|Seeing is believing!|
Sykepleier og jordmor
until I'm 70 years old!
Fortunately, I would be able to reenact the way I had always imagined being notified, as NRK (Norwegian broadcasting news) wanted to film the opening of the official letters, which did not arrive for another three days. And since it was a long three day weekend, we actually delayed the opening of the letters--and the filming--until the following Tuesday (one week after we really knew), when the news crew arrived at our house at 9am. Talk about anti-climactic! That evening, the report aired on both the regional 7pm news and the national 9pm news! Erik had even done a kick-ass live interview on NRK radio talking about my case and what it means to many others (I declined to do any non-editable interviewing in Norwegian). So that evening, after sitting on this secret for a week, we decided it was high time we celebrate and invited friends and neighbors over, opened a few bottles of champagne, ate cake and watched the news together.
|Erik testing the lighting in our kitchen before the filming|
We are repeatedly asked to comment on our reaction, something that we thankfully had a week to think about. We are grateful, of course, to have this nightmare behind us. I am optimistic about the future and finally being able to work in a field where I am trained to work. We are really proud of the fact that without our efforts, well, it probably would have happened eventually, but we know we were key players in getting the credit transfer system recognized. We are really pleased this will help many other health care professionals from outside of the EU work in Norway. But, I'll be honest, we are pissed as hell that this took 4 years and 7 months, cost us an unknown amount of money, and the amount of blood, sweat and tears it took--the first two mostly Erik's and the last mostly mine--to have people in places of power (politicians, academics, institutional leaders, journalists) recognize the wrongs and the see the need to right them. I know that wasn't a proper sentence, but I don't have the energy to make it into one. You get the point. So, to open a letter that says simply "Godkjent", after all that effort, time, energy, money. . . well, it's a little deflating.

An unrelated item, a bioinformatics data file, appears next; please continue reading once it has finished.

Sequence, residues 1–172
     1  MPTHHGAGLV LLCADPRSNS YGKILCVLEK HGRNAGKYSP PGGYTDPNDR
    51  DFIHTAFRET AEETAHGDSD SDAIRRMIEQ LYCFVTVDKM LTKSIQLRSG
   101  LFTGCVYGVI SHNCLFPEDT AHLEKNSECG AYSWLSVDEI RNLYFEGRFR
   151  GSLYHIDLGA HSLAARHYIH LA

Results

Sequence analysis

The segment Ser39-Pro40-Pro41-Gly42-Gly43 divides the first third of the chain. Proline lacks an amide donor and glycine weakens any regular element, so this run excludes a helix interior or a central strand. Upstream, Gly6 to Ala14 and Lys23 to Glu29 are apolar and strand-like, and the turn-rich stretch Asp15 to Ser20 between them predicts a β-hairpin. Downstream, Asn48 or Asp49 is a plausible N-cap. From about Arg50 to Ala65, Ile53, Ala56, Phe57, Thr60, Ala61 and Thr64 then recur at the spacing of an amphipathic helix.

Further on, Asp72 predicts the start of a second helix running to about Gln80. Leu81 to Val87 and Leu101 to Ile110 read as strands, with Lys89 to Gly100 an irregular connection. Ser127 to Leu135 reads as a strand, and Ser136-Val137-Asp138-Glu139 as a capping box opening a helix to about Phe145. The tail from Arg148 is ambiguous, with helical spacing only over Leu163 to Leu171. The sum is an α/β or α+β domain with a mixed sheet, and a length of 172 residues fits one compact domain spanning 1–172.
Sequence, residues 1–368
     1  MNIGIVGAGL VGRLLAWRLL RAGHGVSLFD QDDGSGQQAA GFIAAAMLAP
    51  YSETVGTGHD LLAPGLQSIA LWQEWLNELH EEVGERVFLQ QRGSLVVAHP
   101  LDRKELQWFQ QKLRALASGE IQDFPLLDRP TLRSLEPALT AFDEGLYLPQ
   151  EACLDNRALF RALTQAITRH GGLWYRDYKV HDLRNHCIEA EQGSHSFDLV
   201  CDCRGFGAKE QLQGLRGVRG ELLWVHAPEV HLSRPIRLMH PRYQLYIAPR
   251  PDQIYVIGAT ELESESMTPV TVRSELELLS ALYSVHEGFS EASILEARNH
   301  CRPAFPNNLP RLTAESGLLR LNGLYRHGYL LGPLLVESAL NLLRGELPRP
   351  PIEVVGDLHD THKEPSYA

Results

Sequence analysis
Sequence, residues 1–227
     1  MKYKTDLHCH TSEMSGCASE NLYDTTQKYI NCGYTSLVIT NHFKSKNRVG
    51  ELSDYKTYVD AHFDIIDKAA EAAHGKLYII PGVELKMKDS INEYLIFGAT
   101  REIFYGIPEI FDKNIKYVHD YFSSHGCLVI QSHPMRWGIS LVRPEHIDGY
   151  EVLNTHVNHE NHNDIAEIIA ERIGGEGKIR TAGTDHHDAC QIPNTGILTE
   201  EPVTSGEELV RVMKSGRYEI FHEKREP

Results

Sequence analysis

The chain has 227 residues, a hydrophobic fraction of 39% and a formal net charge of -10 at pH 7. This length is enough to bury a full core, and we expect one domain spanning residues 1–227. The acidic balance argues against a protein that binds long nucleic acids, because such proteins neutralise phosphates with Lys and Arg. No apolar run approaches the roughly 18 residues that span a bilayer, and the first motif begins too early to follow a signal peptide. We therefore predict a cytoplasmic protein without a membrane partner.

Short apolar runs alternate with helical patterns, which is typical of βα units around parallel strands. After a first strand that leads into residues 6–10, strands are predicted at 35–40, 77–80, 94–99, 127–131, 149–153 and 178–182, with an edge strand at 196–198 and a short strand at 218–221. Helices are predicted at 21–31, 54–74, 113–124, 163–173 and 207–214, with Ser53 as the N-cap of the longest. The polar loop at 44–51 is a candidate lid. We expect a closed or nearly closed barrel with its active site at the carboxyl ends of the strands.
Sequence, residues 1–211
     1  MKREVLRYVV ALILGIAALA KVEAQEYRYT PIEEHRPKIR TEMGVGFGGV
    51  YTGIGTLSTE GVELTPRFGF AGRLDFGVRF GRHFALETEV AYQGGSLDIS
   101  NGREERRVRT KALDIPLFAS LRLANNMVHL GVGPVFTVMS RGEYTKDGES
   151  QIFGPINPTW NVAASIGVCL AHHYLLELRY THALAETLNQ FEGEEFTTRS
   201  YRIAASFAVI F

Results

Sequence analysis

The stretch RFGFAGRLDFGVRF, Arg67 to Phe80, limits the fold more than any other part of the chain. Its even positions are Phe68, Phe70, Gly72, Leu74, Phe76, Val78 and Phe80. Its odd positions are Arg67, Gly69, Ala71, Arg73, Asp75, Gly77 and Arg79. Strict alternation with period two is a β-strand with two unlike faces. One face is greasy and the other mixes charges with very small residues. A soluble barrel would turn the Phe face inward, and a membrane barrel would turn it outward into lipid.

|Congratulations from Erik's colleagues|
"We say only CONGRATULATIONS WITH THE VICTORY!"
And so that's where I've been sitting for the last month: the fight is over. I'm approved to work. I can look for a job. It's time to move on.
Below I will provide a Google translated version of NRK's written online report.
|Making the news again!|
"Finally she is allowed to work"
Link to NRK news report
Finally she is allowed to work
"I am relieved and happy that I finally received authorization. Now I can finally work as a midwife here in Norway", says Emily Stange.
Waited nearly five years'Sad for Norwegian health administration- On behalf of the family Stange I am now very happy, but on behalf of the Norwegian health administration I am sad. It has long established an uncultured in this management arm, says Kjenseth.
Nothing has changedLooking ahead